NCI Suspends Frederick Lab Re-Competition Citing Moonshot, Zika and Ebola Research

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NCI has suspended re-competition of the the $400 million-a-year operations and technical support contract for the Frederick National Laboratory for Cancer Research.

A brief notice of suspension was posted on the Federal Business Opportunities website at 4:06 p.m. Friday, Sept. 30, in the final business hours of the final day of the fiscal year.

No reasons for suspension were provided in the notice.

Asked for comment, NCI officials said the re-competition was delayed because of the laboratory’s potential role in the Vice President Joe Biden’s Moonshot Program and development of vaccines for the Zika and Ebola viruses.

“NCI received many comments from the public, the biomedical research community, and formal advisors to the institute concerning re-competition of NCI’s FFRDC contract,” said Richard Folkers, communications manager at Frederick. “In addition, NCI is judiciously responding to pressing national needs and newly established cancer research goals. Suspending the re-competition process will better allow NCI to rapidly respond to those needs and give its leaders a chance to thoughtfully consider recommendations it has received on how to best put the FFRDC on a path to greater research success in the years ahead.

“Since the re-competition period was announced, the FFRDC has been rapidly responding to emerging health crises, including Ebola and Zika. For example, the FFRDC was tasked with the production of an experimental Zika vaccine for clinical trial use, a process expected to continue through the 2017 calendar year. In addition, ideas generated by the Vice President’s Cancer Moonshot initiative, including recently announced work with NCI’s Genomic Data Commons, have already affected FFRDC operations.”

The Frederick lab is operated by Leidos Biomedical Research Inc.—formerly known as SAIC-Frederick—the same contractor that has run the lab since 1995.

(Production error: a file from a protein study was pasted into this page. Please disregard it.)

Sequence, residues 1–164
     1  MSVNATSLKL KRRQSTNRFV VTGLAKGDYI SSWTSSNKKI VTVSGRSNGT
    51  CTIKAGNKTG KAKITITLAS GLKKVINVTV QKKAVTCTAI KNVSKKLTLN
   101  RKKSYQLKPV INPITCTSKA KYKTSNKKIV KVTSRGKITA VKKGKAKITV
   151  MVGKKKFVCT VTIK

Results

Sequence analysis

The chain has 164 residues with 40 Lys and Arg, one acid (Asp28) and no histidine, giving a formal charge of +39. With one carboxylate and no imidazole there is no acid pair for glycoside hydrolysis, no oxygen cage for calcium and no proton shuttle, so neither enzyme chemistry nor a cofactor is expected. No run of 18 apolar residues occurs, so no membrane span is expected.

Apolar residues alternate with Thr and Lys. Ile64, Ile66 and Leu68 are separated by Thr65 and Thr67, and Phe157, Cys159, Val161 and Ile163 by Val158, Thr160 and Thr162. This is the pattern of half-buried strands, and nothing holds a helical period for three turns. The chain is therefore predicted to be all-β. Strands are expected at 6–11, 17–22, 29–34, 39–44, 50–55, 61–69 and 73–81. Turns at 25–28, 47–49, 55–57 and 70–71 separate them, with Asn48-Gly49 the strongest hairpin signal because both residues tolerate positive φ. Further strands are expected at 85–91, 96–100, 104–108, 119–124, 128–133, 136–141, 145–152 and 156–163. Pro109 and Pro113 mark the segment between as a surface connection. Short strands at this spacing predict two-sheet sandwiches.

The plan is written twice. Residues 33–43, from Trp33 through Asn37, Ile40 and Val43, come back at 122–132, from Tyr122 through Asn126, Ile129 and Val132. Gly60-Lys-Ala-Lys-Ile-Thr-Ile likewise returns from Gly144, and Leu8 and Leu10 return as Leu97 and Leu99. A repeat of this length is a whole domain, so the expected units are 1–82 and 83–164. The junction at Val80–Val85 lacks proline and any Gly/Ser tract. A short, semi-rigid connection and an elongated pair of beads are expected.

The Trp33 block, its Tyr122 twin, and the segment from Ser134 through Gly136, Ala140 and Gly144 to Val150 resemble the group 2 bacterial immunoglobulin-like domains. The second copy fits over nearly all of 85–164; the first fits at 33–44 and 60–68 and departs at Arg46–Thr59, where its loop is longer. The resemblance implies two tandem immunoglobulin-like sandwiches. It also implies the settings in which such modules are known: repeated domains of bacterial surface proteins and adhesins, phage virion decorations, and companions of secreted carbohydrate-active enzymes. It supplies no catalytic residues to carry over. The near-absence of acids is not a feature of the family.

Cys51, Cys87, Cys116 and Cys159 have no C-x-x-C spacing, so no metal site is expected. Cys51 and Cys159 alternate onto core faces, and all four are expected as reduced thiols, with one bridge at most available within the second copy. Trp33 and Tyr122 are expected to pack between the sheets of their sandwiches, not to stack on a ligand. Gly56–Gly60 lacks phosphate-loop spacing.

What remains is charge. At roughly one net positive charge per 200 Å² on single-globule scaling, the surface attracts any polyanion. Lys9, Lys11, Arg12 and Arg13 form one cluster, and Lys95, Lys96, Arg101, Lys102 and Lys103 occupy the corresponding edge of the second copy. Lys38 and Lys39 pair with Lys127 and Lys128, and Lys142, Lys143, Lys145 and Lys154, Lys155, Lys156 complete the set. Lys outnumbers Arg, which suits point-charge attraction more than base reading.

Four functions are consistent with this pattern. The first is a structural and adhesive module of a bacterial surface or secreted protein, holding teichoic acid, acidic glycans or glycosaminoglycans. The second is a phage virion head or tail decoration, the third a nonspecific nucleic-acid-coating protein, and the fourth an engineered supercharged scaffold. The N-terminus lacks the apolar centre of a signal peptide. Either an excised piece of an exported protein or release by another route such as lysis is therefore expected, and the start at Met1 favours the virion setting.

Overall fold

The current contract, which was awarded in 2008, is scheduled to end in September 2018 (The Cancer Letter, June 12, 2015).

Leidos received $400.2 million to run the lab in fiscal 2014. According to a recent job posting, Leidos said it employs about 1,900 staff and manages a $450 million annual operating budget.

In the past, NCI directors have sheltered their pet projects from peer review by funding them as subcontracts of the SAIC contract. The lab was designated a national laboratory in February 2012, two years after Harold Varmus became the NCI director.To align the contractor with the institute, Varmus created the Frederick National Laboratory Advisory Committee. (The Cancer Letter, Feb. 28, 2014).

The prospect of delaying re-competition was raised at an advisory committee meeting May. 11 (The Cancer Letter, June 17)

“This competition comes at an interesting time in history, that is to say right in the middle of the moonshot,” Joe Gray, chair of the advisory committee, said at that meeting. “It’s not clear to me what role Frederick is going to play in this moonshot project, but it is a fast track enterprise. One of the things that you are running the risk of is changing management right in the middle of the time when Frederick would be really well positioned to play an important role in moonshot activities.”

Gray is the associate director for translational research at the Oregon Health and Science University Knight Cancer Institute.

The lab, located on a 68-acre campus in Frederick, Md., is one of 41 Federally Funded Research and Development Centers. FFRDCs receive 70 percent or more of their financial support from the federal government. It is the only national laboratory dedicated solely to biomedical research.

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